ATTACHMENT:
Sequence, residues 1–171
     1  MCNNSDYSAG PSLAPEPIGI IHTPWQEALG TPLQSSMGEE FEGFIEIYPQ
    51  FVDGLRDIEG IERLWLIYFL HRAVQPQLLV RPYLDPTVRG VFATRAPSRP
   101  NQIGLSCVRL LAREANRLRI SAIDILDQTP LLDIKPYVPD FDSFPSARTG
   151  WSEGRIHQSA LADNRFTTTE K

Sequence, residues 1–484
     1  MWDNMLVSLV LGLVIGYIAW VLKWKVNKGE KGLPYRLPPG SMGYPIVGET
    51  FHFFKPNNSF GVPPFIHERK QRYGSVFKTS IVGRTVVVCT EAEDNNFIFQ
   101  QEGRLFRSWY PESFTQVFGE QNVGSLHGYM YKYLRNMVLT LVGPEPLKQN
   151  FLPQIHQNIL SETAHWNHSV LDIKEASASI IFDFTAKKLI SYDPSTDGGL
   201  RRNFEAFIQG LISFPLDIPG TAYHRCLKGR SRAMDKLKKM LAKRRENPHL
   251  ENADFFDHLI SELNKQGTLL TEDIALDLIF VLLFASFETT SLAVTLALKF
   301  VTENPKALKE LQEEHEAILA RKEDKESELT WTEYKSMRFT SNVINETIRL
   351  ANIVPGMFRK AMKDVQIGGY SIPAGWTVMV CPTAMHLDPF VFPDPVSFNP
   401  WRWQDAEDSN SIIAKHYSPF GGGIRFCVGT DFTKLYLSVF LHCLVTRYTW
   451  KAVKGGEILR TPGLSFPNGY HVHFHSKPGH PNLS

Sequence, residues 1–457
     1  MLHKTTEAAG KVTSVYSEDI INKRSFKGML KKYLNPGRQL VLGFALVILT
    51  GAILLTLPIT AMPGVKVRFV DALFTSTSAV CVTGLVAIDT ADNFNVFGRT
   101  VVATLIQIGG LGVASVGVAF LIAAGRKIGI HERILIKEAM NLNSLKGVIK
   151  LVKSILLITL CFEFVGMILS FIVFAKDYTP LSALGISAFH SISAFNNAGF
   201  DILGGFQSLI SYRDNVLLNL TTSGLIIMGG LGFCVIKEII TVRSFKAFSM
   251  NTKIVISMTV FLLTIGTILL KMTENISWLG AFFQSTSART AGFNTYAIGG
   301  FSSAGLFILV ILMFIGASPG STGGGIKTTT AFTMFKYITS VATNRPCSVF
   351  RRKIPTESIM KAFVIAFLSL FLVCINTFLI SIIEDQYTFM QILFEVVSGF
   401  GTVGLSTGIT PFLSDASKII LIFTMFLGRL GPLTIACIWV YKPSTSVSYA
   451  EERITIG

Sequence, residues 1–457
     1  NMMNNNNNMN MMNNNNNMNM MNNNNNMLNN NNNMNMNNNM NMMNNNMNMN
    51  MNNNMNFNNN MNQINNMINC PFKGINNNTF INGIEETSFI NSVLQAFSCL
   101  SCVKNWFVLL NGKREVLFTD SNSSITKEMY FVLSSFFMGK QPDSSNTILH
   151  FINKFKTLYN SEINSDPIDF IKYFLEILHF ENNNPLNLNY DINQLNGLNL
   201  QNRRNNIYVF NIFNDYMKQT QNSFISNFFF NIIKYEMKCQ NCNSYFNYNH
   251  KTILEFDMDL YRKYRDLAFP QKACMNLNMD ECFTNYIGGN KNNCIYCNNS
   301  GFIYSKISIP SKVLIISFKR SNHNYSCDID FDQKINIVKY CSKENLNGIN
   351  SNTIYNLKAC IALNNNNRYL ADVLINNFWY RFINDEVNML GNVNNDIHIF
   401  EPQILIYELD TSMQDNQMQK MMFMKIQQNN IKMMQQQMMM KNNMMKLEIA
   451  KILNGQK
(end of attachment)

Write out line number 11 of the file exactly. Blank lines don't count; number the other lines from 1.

   201  RRNFEAFIQG LISFPLDIPG TAYHRCLKGR SRAMDKLKKM LAKRRENPHL